3. Smart pills
Your pill may soon communicate with you and your doctor directly. No glowing lights, no message from the cloud, just the FDA-cleared pill you swallowed not 10 minutes ago.
You'd better believe it. Smart pills work via a tiny sensor the size of a grain of sand that attaches to a pill or capsule. The sensor is powered when it comes in contact with stomach acid; it sends information to a disposable skin patch that acts as a receiver. The patch notes the time the pill was swallowed as well as your heart rate, temperature and physical-activity levels, and relays this information to a smartphone app. From there, you and your doctor or relative, with your permission, can download the data via Bluetooth to check that you're taking your medication correctly.
The fine print: The sensors contain trace amounts of the minerals copper and magnesium, which provide the power. The indigestible parts are passed out of the body in the usual way. Proteus Digital Health, the company behind the sensor-in-a-pill, calls the system Helius. The pills are available through some U.S. hospitals and doctors' offices. If you're interested, ask your doctor about it.
4. Star Trek's earthly counterpart
Imagine a device the size of a hockey puck that will monitor your temperature, respiratory rate, blood oxygen levels, and heart rate and rhythm in just 10 seconds when you hold it to your forehead. The Scanadu Scout can also take your blood pressure without a cuff, with 95 percent accuracy.
Sound like Star Trek's medical tricorder? You're not far off — the Scout's operating system is based on one used for sample analysis on NASA's Mars Curiosity rover. Once the Scout records the data, you'll be able to send it to your smartphone via Bluetooth and track it over time or take it to your doctor to provide a real-time measure of your health. You can also use it to monitor someone else.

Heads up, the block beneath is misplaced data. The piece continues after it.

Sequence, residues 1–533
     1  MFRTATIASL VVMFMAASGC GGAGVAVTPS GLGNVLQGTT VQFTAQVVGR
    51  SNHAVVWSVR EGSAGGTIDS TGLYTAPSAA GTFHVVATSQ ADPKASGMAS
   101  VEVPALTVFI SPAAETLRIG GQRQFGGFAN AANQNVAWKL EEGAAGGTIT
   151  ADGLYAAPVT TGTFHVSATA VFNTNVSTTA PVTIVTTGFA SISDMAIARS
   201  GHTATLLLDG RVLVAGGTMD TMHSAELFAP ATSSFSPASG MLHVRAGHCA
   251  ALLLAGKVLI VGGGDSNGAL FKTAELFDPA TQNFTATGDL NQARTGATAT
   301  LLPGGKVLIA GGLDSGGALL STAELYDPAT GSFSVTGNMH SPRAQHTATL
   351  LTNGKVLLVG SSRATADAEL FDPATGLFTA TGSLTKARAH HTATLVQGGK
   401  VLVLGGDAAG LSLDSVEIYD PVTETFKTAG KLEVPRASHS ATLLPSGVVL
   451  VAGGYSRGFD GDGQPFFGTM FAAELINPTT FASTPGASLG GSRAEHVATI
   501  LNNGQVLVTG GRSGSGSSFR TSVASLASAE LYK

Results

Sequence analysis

The fine print: Scanadu hopes to make the Scout available in late 2014 or early 2015 for $199, after it has been approved by the FDA, a necessary step before the device can be sold commercially. Interested? Log on to Scanadu.com. The company has also developed ScanaFlo, a urine test kit using a disposable paddle, which will provide an early warning if something's not right with your kidneys, liver, urinary tract or metabolism. A smartphone app will guide you through the test procedure and automatically interpret the test results, store them and explain them.
5. Easier hospital stays
A clunky-looking wrist unit about the size of a business card may make hospital life easier for patients and staff alike. Sotera's mobile system, ViSi (Vital Signs), offers around-the-clock monitoring of a patient's heart and pulse rate, blood pressure, skin temperature, breathing rate and oxygen levels in a small wireless package worn on the body.
ViSi gives patients the freedom to get up and move about without being tethered to machines. The device also immediately alerts staff of unfavorable changes in any of the readouts. ViSi's several components include a wrist monitor, chest sensors, a thumb sensor and a wireless blood pressure cuff. Medical staff can get information directly from the wrist monitor or access it from a central nursing station. The data are also available remotely via computer or smartphone.
The fine print: Several hospitals already use ViSi, including Palomar Medical Center in Escondido, Calif., and Intermountain Medical Center and LDS Hospital, both in Utah. Sotera's vision for the future includes monitoring patients after they've been discharged from the hospital.
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